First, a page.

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Three months ago Larry Fink, head of BlackRock, warned about the danger of rising prices linked to climate change. “If our solution is entirely just to get a green world, we’re going to have much higher inflation, because we do not have the technology to do all this, yet,” he said. “Are we going to be willing to accept more inflation, if inflation is to accelerate our green footprint?”
The question went largely ignored as deflation dominated the conversation in recent years. Now, however, it is becoming critically important. This month the UK is reeling from the political fallout of a surge in natural gas prices that is partly sparked by policy shifts to combat climate change (falling fossil fuel energy supplies), but also by unexpected weather shifts (wind levels have fallen, cutting supplies of energy from turbines).
Texas and California have experienced a similar squeeze due to a nasty combination of weather shocks and reforms to mitigate climate change. Meanwhile, a new surge in demand for sustainable products has collided with Covid-19 supply chain disruptions, pushing up prices for green goods in sectors ranging from pea protein used for non-meat foods to the commodities required for batteries in electric vehicles. Welcome to the world of “greenflation”.
How should policymakers respond? Three key steps are needed. First, we should all recognise that the role of the state in fighting climate change is subtly shifting. A decade ago, green activists wanted recalcitrant governments to provide the leadership for the battle to stop global warming. This is still needed, since it will be impossible to stop climate change without public policy shifts; governments must introduce policies such as carbon pricing.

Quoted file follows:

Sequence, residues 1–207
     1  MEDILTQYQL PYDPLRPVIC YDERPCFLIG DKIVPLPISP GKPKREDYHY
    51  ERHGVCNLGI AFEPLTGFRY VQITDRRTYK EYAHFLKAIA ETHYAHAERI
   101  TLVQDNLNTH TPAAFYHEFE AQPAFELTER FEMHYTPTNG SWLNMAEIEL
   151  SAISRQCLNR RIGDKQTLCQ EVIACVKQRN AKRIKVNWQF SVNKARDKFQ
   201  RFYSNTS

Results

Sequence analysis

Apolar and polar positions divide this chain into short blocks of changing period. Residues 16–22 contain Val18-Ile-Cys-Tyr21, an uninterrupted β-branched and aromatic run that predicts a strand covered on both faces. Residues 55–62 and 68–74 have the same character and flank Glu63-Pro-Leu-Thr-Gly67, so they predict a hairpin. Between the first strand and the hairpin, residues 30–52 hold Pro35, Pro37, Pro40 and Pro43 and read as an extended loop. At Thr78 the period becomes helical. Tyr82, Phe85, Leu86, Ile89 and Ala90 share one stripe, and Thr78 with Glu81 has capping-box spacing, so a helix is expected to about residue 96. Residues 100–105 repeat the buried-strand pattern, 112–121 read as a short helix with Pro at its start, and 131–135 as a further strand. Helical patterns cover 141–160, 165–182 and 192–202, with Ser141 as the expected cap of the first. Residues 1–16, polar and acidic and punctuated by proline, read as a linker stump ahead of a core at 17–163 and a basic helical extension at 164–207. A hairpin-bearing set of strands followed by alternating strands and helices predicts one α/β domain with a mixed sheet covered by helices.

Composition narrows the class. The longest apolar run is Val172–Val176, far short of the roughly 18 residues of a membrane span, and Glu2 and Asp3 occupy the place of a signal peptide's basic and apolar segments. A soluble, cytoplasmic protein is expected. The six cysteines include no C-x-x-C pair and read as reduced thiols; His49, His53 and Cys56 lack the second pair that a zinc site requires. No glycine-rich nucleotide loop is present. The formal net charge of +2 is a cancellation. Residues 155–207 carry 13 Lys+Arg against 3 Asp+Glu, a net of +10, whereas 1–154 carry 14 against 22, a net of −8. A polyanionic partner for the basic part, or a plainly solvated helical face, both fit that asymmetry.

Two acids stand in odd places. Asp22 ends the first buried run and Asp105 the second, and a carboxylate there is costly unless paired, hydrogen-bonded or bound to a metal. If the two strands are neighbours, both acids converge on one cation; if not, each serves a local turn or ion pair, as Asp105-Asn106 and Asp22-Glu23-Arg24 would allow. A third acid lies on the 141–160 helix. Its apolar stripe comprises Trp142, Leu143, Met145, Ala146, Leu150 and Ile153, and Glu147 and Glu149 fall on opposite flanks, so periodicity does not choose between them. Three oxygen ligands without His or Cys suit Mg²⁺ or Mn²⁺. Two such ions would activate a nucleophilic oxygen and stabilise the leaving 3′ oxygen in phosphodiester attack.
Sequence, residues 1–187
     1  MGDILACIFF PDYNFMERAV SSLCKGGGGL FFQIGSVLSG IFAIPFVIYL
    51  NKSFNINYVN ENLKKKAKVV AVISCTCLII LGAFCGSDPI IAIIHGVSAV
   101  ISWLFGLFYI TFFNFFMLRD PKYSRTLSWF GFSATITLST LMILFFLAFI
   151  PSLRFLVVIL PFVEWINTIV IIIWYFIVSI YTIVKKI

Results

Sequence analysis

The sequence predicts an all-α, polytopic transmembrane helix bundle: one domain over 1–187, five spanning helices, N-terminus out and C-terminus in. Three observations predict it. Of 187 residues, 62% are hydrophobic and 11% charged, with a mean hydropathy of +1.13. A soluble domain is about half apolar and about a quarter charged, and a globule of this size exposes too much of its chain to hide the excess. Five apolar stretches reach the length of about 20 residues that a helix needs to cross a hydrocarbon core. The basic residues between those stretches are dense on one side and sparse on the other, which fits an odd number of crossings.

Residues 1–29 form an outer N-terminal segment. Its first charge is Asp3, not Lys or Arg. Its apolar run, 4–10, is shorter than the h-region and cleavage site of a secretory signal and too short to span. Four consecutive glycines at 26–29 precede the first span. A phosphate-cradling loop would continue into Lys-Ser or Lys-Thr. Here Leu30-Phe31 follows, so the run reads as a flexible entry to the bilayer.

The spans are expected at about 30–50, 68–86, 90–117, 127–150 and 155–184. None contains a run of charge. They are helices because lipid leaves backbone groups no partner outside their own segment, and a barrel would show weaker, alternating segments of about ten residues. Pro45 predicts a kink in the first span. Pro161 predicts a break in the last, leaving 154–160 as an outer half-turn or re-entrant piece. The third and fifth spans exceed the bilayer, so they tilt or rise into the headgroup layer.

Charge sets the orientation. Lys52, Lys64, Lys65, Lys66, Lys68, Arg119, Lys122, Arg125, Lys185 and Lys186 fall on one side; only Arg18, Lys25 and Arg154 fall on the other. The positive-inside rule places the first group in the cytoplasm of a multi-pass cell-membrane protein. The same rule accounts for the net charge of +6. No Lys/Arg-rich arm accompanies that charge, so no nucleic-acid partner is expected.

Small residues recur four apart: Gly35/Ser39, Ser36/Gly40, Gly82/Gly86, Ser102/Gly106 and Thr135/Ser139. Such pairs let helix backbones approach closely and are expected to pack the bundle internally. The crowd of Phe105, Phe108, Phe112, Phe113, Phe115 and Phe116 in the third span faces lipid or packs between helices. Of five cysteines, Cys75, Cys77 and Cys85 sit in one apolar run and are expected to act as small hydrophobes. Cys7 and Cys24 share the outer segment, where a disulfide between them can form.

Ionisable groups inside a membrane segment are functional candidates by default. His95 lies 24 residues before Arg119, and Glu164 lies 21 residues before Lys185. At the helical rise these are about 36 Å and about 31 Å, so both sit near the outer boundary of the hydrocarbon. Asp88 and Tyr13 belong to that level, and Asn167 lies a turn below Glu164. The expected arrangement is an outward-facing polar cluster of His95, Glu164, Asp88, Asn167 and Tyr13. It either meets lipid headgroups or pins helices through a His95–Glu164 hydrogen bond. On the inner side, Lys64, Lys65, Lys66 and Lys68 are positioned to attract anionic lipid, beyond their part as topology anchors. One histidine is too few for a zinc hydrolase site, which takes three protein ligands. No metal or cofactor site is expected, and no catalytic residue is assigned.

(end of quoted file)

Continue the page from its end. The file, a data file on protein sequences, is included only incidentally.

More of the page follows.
But what is also notable today is the degree to which business and finance is driving climate change reforms, sometimes almost ahead of government; western coal plants are being mothballed due to investor pressure, as much as government rules.
What politicians should do now is not so much “lead” in this fight, as “follow” — in the sense of recognising that a green transition is likely to be very messy and uneven. They must step in to provide proactive solutions when market failures occur. In the UK, for example, the government should have prepared for the fact that renewable energy cannot (yet) plug the gaps created by declining fossil fuel generation. Similarly, surging prices for some commodities needed in green products suggest that western governments need to loosen regulatory rules that impede their production.
Second, governments need to create better projections of greenflation, and trade odds. This is starting to happen. The European Central Bank recently published a report which argued that policy inaction would hurt growth more than green reforms. And Yannis Stournaras, the Greek central bank governor, told a finance conference this week that central bankers are intensifying their modelling efforts.
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In the medium term greenflation need not be too dangerous, he suggested, “because we know that clean forms of energy are cheaper than fossil fuel”. However, he added, “in the short term, climatic change has a positive impact on prices through carbon pricing.”
As his Irish counterpart Gabriel Makhlouf noted, the average global carbon price today “is around three dollars a tonne”. However, the Network for Greening the Financial System, a group of central banks, recently suggested that “a carbon price of around $160/tonne would be needed by the end of the decade to incentivise a transition towards net zero by 2050”, while the IMF suggests it should be $75 a tonne. “We don’t have models which understand [the implications] of this,” Makhlouf says.
Finally, governments need to create safety nets to protect vulnerable parts of the population from price increases. Green warriors might argue that inflation is a small price to pay to prevent planetary catastrophe. Some economists might also mutter that a little of it makes it easier for governments to inflate away debts.
But the 2018 Gilets Jaunes protests in France over fuel price hikes show that when greenflation hits the poor, it can spark populist revolts and prevent badly-needed green reforms. This could easily be repeated in Europe and elsewhere. And while governments cannot magically remove the shock of costs from the reforms needed to fight climate change, they can — and must — soften the pain with intelligent policies. In that sense, the UK gas crisis is a timely and badly-needed wake-up call.
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